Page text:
All Investigators are encouraged to consult with the ARF Manager to discuss animal housing before submitting an Application. All animal orders, regardless of animal origin and destination, must be made through the ARF. Prior arrangement with the ARF Manager is required to obtain animals from other than approved vendors. These animals must have a certification of health that is acceptable to the Attending Veterinarian and will normally be quarantined on arrival for a period determined by the Manager (see section 3.1.2 of the ARF Standard Operating Procedures).
Complete the table in the Application for each species or strain of animal to be used under the protocol. Do not include rat or mouse pups (pre-weanlings) in this table.

  • Species/Strain – Identify the species and strain (if known) as specifically as possible. For projects involving generation of specific genotypes (heterozygotes, recessive homozygotes, etc.), identification of the primary strain or mutation is sufficient.

  • Source – Supply the name of an institution if the animals are being obtained from another facility. For animals obtained from a commercial vendor use CV. For animals obtained from an in house breeding program, use the number of the appropriate breeding protocol “IACUC 0000.” For animals to be bred as part of the submitted protocol, use “bred.” Animals captured in the field should be labeled “wild-caught.” (Note: all wild-caught animals must be approved by the ARF Manager.)

  • Total Number from this source – Indicate the anticipated number of animals (other than mouse and rat pups) needed for each year of the protocol. The total number for each species or strain should match that indicated in question C1.

  • Approximate Daily Inventory – To facilitate planning by the ARF, indicate the expected number of animals needing to be housed at one time.

  • Primary Housing location – “ARF” may be used, unless animals are to be housed in an auxiliary animal room or laboratory. Housing in laboratory space is by special approval of the IACUC only.

Section D—Animal Husbandry
1. Animal Care
Check the appropriate box to indicate who will provide care for the animals. If non-standard care is to be provided by ARF personnel, indicate the type of care they are to provide such as special diets or special care for animals with disease or functional deficits, prior arrangements must be made. Any special care needs and all care by non-ARF personnel must be described. Special safety precautions needed in handling of animals, cages or waste because of hazardous agents (see question F1) should also be indicated.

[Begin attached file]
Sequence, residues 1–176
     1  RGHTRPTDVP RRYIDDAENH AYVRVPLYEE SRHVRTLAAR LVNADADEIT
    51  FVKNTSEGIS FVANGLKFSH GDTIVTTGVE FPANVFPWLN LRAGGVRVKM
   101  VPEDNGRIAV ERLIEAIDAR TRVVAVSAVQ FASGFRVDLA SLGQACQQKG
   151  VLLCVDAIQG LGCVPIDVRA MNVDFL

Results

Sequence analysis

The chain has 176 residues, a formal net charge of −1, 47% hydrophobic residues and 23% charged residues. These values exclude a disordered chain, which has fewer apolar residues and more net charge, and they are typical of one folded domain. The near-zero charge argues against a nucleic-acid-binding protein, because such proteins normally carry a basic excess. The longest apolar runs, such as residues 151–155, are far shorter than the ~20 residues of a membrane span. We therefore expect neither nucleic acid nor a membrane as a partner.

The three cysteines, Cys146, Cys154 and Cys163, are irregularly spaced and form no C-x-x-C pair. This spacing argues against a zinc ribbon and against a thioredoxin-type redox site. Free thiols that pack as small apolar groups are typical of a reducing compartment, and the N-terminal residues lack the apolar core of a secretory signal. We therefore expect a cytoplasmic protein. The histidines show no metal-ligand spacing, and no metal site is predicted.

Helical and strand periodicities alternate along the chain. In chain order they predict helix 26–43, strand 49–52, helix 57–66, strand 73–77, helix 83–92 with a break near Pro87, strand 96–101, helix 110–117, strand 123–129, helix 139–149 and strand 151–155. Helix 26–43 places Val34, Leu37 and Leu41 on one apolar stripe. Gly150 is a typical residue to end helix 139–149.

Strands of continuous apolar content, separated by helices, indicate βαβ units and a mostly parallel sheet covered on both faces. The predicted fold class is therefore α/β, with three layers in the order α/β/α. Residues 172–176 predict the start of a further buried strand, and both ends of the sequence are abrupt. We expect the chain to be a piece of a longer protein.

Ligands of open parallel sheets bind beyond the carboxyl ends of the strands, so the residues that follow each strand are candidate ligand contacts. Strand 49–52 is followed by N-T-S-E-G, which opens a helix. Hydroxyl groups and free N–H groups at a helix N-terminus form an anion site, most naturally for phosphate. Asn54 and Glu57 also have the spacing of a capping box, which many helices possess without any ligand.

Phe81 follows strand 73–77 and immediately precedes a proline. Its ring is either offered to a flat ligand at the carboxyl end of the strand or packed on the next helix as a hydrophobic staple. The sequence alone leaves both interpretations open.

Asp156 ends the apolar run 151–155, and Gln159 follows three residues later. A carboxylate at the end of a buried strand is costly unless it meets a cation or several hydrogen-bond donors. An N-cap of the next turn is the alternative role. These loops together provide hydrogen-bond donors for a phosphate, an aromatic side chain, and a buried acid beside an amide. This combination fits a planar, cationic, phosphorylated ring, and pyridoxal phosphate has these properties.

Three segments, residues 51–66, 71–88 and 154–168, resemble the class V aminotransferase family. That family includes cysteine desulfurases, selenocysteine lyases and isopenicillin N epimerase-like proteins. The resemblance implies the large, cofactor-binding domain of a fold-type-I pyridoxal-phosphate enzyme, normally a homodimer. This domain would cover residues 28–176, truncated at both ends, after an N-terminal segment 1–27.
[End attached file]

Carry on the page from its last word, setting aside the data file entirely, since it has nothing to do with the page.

2. Animal Health

State how animal health, including pain and distress, will be assessed and specify the plan of action in case of animal illness or injury. Indicate any specific situations in which you wish to be notified prior to initiating treatment by the ARF staff. State the criteria (for example, tumor size, percentage body weight gain or loss, inability to eat or drink, behavioral abnormalities, clinical symptoms, signs of toxicity) for terminating procedures and/or for euthanasia if your experiments involve tumors, biologics, infectious agents, radiation or toxic chemicals. Provide scientific justification if animals will not be euthanized when moribund. It is not necessary to repeat methods for monitoring and treatment following experimental procedures, which should be discussed in sections E 6, 7, or 8.

3. Deficits in Transgenic and Mutant Animals

  • Genotype: Describe any post-natal functional deficit that is known or is likely in transgenic animals.

  • Nature of deficit/plan of care: Describe any special care or monitoring that will be required to detect and alleviate pain or discomfort associated with the deficit. If there is no information available as to the phenotype of a novel transgenic strain, indicate how you will assess the health of the animals and the plan of action should deficits arise.

  • Category of pain and distress (see section E1): Indicate the category of pain and distress if the category is expected to be D or E.

  1. Disposition of Surviving Animals

Indicate the disposition of any animals for which the endpoints have not been specified as part of the experimental procedures (for example, if breeding produces excess offspring or unneeded genotypes). If animals are to be transferred to another protocol, specify the protocol.